In addition, the stores partner with local ministry units to connect people in need with resources—whether they require housing support, food, spiritual counselling or other services The Salvation Army can assist with. “We’re meeting human needs. That’s what we do every day,” says Nason. “We focus on being kind, having a smile. For some people, that’s the only smile they get that day.”


Twenty-five years ago, Peters was a single parent with three sons, and she began working at the Fenelon Falls thrift store to help raise them. She knew that The Salvation Army had food banks and red kettles at Christmastime, but she didn’t know a lot about the mission.  

“The more I learned about The Salvation Army, the more I understood that everything I do and the decisions I make are going to affect somebody I know, or somebody I may never meet,” says Peters. “The staff here learn, too. We teach them about what we’re doing and that there are different ways to change lives.”

The mission of The Salvation Army is cascaded down through the staff, beginning at onboarding and educating them. Before the pandemic, NRO took more than 1,000 staff to tour local ministry units, including food banks and shelters. “We did this so they would understand why they do what they do at the thrift stores,” explains Troughton. “Some of them had never seen our ministry units in action. It also allowed ministry units to see who our teams are, what they do and how they can help in communities.” 

Now, coming out of COVID-19, NRO hopes to re-engage this experience so staff can witness first-hand The Salvation Army at work in the communities they serve. 

One of the ways local thrift stores support the ongoing work of The Salvation Army at a territorial level is through their GoodWorks@Work fundraising campaigns, which began with a focus on kettle fundraisers in stores and has since grown to supporting four Salvation Army campaigns each year.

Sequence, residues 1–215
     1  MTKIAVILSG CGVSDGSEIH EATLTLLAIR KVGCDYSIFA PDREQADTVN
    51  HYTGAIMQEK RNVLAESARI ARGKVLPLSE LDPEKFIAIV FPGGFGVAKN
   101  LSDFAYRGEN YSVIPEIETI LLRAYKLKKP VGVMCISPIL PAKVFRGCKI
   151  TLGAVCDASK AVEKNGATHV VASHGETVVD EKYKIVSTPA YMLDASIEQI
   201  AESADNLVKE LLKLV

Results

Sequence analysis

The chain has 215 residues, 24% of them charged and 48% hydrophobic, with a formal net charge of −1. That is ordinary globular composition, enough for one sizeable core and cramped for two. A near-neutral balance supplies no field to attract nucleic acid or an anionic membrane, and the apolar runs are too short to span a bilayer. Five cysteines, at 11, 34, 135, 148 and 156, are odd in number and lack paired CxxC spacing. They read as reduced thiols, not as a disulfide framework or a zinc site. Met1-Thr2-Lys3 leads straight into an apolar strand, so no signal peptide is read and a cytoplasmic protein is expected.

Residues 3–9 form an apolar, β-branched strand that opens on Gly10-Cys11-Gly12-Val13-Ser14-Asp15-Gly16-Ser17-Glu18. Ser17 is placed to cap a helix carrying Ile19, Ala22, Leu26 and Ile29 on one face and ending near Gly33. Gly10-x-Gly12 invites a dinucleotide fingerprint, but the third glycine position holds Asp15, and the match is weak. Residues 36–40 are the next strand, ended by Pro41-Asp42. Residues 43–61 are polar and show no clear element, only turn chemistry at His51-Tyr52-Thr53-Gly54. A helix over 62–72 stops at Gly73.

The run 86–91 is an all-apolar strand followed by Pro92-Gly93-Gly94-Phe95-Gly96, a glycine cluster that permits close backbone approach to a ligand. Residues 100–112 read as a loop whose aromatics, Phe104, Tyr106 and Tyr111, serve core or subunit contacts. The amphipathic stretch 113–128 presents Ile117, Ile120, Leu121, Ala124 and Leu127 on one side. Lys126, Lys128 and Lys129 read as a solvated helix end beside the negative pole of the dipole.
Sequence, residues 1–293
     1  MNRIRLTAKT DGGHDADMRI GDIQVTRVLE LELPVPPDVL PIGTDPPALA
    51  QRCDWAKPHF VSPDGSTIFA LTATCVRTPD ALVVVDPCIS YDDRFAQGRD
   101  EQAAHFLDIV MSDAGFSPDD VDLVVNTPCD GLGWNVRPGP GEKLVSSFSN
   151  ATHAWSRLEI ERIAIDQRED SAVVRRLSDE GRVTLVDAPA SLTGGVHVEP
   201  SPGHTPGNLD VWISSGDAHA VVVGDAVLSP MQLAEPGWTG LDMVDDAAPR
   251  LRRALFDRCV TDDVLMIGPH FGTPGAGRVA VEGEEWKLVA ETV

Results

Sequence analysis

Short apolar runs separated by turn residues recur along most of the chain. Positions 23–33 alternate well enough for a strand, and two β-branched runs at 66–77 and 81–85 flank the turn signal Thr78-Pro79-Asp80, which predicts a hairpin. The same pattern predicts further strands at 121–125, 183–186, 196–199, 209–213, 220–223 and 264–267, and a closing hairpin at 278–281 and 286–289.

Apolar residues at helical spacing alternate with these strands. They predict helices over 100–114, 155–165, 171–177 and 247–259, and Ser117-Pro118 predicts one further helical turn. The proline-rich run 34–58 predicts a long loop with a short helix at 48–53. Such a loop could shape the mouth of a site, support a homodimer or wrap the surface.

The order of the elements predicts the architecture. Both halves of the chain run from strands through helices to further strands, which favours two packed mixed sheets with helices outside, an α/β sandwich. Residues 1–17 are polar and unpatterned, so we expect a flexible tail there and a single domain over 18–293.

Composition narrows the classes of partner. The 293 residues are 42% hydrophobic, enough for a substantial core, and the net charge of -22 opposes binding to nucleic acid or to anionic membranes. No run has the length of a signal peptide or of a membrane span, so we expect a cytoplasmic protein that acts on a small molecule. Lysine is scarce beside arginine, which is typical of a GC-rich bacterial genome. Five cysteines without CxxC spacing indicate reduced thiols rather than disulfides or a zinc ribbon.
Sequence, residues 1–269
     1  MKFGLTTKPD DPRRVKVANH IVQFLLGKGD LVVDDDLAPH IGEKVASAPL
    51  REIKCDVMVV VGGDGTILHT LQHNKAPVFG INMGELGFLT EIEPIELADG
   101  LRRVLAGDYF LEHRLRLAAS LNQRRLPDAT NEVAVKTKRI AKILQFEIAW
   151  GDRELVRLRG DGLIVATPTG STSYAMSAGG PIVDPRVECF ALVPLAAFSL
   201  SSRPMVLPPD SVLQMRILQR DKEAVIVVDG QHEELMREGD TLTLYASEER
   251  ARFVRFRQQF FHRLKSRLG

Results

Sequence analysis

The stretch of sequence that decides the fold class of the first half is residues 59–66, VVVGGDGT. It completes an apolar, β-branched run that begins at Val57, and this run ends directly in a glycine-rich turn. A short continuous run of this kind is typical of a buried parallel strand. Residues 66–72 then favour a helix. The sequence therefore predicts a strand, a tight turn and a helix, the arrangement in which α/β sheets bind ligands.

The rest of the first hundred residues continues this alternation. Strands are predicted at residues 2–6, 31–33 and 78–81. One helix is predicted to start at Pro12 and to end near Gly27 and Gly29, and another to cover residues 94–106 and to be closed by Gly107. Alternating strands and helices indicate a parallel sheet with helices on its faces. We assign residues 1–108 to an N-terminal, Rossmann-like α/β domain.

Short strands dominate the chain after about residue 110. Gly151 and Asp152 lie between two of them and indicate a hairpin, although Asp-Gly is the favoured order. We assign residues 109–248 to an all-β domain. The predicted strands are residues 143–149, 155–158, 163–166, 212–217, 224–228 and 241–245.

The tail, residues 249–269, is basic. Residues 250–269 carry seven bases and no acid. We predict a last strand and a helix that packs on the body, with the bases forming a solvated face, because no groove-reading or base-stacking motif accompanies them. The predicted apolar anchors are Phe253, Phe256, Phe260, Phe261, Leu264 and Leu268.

Last year, in addition to the annual kettle campaign and local community support, thrift stores raised money for the Army’s COVID-19 relief fund and Ukraine crisis response. In total, NRO raised more than $790,000 in funds through through their GoodWorks@Work initiative. Stores will contribute to the following campaigns in 2023: modern slavery and human trafficking, send a kid to camp, international development and Christmas kettles.

The small community of Fenelon Falls raised more than $3,500 to send children to Salvation Army camps in 2022. In Fredericton, thrift store staff helped raise extra money for their send a kid to camp campaign by hosting a bake sale fundraiser.

“We build displays and do announcements while guests are shopping to explain what we are raising money for, and we ask each guest if they would like to donate at checkout,” says Nason. “One year, we managed to send 11 kids from this area to camp at Scotian Glen.”

“Through our GoodWorks@Work campaigns, we’re able to bring awareness to the work that The Salvation Army does in a way only The Salvation Army could,” says Troughton.